Mike Dunleavy Jr. and not Iman Shumpert could be who finds himself traded as the team looks for a point guard.
With the way the season has started, Mike Dunleavy Jr. has been anything but a quick fit in Cleveland. He’s shooting 30.0 percent on three-point attempts just a season after shooting 39.4 percent on three-point attempts for the Chicago Bulls.
“He’s a great shooter and he’s always been over his career,” Lue said. “You come from playing 32, 34 minutes and being a starter and now you’re coming off the bench when you’re playing 16 minutes a game, it’s tough to try to find your rhythm.”
According to The Beacon Journal’s Jason Lloyd, Tyronn Lue had this to say about Dunleavy Jr.’s slow start: “He’s a great shooter and he’s always been over his career,” Lue said. “You come from playing 32, 34 minutes and being a starter and now you’re coming off the bench when you’re playing 16 minutes a game, it’s tough to try to find your rhythm.”
Dunleavy Jr. isn’t playing nearly as many minutes this season (16.5 minutes per game, 6.2 less than in Chicago) due to the presence of Iman Shumpert, J.R. Smith, Richard Jefferson and Channing Frye in the rotation. This might not be an issue if Dunleavy Jr. had started the season hot but he’s been cold. Shooters need playing time to get in rhythm. In Cleveland, those minutes just aren’t there.
Dunleavy Jr. doesn’t provide the defense of Shumpert, the pull-up ability of Smith, or the length of Frye and he’s essentially a rehashing of Jefferson. That doesn’t make the Cleveland Cavaliers shooting guard worthless, just expendable.
Furthermore, as the Cleveland Cavaliers try to put together a package for a backup point guard, it’s Dunleavy Jr. and not Shumpert who could fetch a better player. Dunleavy Jr.’s reputation around the league is stellar. He’s a coach’s son and a Duke alum, two facts that allude to his intelligence on the court. Dunleavy Jr. is also a career 37.5 percent shooter from three-point range and a versatile defender that can play three different positions because of his combination of size and shooting ability. He’s also never made any headlines for off-the-court incidents.
His contract, valued at $4.8 million expires next year. Although the salary escalates to $5.1 in the final season of his contract, it’s a lot less than the $9.6 million that Shumpert’s contract is valued at. Shumpert’s contract expires in two years and he’ll be paid $11 million in the final year of the deal. Asking a team to take that kind of financial commitment to a player they may not value as much as the Cleveland Cavaliers is a dubious proposition at best.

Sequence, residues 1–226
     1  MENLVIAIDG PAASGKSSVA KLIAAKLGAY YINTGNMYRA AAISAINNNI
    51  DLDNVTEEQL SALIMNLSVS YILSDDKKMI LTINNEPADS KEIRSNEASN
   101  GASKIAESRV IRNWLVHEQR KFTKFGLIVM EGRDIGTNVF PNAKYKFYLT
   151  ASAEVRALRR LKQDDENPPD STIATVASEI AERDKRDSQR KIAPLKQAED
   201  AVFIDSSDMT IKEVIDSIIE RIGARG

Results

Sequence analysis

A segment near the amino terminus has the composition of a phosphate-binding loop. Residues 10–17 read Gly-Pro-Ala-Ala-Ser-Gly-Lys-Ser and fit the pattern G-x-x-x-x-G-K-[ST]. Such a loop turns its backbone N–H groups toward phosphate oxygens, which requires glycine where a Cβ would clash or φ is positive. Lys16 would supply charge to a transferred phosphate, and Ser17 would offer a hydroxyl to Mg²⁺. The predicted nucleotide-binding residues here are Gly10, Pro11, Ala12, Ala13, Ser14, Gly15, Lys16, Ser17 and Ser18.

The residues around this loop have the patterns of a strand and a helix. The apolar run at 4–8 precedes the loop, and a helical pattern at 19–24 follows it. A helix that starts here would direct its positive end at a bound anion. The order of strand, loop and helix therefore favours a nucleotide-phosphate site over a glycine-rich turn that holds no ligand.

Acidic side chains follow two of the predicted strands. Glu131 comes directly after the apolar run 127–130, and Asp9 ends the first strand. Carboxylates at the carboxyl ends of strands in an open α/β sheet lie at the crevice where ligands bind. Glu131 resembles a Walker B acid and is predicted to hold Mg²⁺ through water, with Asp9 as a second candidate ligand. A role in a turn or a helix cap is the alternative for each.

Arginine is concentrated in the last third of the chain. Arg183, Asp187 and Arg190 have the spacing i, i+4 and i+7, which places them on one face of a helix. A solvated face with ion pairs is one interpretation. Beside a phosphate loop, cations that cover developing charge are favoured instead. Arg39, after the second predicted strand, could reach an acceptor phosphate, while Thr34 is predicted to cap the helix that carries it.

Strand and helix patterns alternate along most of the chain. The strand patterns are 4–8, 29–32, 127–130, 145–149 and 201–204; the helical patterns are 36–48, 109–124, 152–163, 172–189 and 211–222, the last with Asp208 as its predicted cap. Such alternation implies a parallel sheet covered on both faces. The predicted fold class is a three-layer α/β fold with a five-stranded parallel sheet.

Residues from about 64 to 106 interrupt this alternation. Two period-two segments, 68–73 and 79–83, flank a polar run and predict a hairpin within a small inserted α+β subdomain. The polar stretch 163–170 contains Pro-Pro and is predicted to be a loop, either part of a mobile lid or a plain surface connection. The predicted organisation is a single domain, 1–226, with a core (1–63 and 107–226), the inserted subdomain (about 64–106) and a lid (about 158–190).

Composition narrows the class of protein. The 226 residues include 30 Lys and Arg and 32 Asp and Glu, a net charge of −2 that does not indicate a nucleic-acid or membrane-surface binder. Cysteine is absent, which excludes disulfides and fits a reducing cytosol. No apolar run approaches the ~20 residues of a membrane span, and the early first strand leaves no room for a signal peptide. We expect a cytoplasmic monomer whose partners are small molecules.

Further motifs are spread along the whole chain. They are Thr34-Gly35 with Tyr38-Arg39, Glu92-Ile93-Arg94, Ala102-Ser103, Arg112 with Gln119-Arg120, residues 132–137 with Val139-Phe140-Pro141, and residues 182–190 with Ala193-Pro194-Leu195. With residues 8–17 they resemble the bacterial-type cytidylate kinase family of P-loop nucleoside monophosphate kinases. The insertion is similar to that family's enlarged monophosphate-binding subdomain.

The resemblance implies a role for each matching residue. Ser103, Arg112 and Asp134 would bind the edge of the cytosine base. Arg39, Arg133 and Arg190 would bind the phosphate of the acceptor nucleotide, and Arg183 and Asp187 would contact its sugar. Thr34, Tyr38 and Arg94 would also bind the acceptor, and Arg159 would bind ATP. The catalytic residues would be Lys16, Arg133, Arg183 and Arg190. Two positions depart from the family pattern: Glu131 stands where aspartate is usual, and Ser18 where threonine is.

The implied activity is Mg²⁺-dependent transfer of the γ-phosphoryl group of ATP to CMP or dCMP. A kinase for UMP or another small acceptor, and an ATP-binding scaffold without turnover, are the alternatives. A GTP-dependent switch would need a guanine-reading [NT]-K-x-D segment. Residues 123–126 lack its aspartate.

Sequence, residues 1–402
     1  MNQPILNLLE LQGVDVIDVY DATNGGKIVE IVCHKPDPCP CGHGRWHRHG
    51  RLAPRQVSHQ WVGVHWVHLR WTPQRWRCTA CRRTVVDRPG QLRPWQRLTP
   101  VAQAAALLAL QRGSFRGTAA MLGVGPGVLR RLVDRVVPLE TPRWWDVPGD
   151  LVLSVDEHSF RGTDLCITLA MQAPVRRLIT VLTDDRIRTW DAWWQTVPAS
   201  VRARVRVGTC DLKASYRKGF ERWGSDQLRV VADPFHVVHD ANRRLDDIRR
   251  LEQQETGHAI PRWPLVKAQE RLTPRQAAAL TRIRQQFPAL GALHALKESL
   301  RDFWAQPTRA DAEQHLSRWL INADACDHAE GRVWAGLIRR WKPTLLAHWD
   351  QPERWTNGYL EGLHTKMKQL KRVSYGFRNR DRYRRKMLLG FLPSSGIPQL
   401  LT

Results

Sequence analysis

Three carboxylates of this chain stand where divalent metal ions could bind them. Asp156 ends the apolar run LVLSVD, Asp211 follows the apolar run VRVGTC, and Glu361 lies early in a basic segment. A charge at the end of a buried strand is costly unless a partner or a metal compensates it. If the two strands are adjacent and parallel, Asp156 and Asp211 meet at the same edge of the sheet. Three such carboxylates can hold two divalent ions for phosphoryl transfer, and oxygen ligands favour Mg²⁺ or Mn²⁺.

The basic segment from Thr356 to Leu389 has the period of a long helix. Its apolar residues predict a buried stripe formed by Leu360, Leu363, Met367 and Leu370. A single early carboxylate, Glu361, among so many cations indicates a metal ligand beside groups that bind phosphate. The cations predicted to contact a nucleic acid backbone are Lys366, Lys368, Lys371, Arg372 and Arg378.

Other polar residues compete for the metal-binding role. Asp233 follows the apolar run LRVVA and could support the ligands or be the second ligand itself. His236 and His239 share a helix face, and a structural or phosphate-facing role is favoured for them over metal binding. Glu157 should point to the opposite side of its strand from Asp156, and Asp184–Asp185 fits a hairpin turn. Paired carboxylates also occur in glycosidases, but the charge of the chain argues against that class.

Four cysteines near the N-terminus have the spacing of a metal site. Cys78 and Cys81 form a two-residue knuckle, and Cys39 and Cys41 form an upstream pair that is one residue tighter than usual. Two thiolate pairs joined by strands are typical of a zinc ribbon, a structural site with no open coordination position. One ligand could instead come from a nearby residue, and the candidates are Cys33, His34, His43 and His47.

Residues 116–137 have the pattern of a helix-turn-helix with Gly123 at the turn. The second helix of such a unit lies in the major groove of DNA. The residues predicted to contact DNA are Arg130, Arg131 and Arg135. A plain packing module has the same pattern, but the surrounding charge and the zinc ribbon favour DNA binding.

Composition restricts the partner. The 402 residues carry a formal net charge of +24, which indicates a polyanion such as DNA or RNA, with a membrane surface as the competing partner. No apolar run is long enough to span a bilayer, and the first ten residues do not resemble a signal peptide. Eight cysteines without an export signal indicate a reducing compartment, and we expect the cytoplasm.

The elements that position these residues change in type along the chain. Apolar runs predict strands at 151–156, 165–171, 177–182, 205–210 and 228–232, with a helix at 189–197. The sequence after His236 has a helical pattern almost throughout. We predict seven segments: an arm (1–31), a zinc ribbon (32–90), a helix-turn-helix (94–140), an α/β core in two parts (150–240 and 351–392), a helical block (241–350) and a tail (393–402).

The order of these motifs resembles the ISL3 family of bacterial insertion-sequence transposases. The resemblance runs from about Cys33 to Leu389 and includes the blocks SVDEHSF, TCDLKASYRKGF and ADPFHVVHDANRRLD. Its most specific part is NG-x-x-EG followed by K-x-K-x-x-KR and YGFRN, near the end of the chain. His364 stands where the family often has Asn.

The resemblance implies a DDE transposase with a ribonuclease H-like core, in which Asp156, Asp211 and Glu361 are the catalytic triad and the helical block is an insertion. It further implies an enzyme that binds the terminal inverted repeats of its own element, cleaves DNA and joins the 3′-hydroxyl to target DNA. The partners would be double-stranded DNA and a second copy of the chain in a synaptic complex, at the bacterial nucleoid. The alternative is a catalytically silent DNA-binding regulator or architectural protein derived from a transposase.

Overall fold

The Cleveland Cavaliers can package Dunleavy Jr. with Jordan McRae, who is a 25-year-old player with talent but needs coaching up and Mo Williams’ expiring contract. The combined salaries add up to $7 million which could fetch them a decent return. Two point guards the Cleveland Cavaliers are reportedly targeting with salaries near that $7 million mark are the Dallas Mavericks’ Deron Williams and the Orlando Magic’s D.J. Augustin, according to cleveland.com’s Joe Vardon.
For what it’s worth, Dunleavy Jr. doesn’t seem as close to the Cleveland Cavaliers core group as Shumpert, including LeBron James.
Before the season started, Dunleavy Jr. was told that James was happy to have a player like him on his team in an interview with basketball insider Sam Amico. Dunleavy Jr. replied with, “He said that?”. What’s more, Dunleavy Jr. rarely appears alongside the team in their publicized off-the-field outings, like their excursions to Progressive Field to watch the Cleveland Indians during the World Series. As David Griffin looks to keep the team chemistry going, he doesn’t seem like he’ll be effecting it much by trading Dunleavy Jr. instead of Shumpert.
It remains to be seen if the Cleveland Cavaliers make a trade at all but if they do I wouldn’t be surprised at all to hear that Dunleavy Jr. was a part of the deal.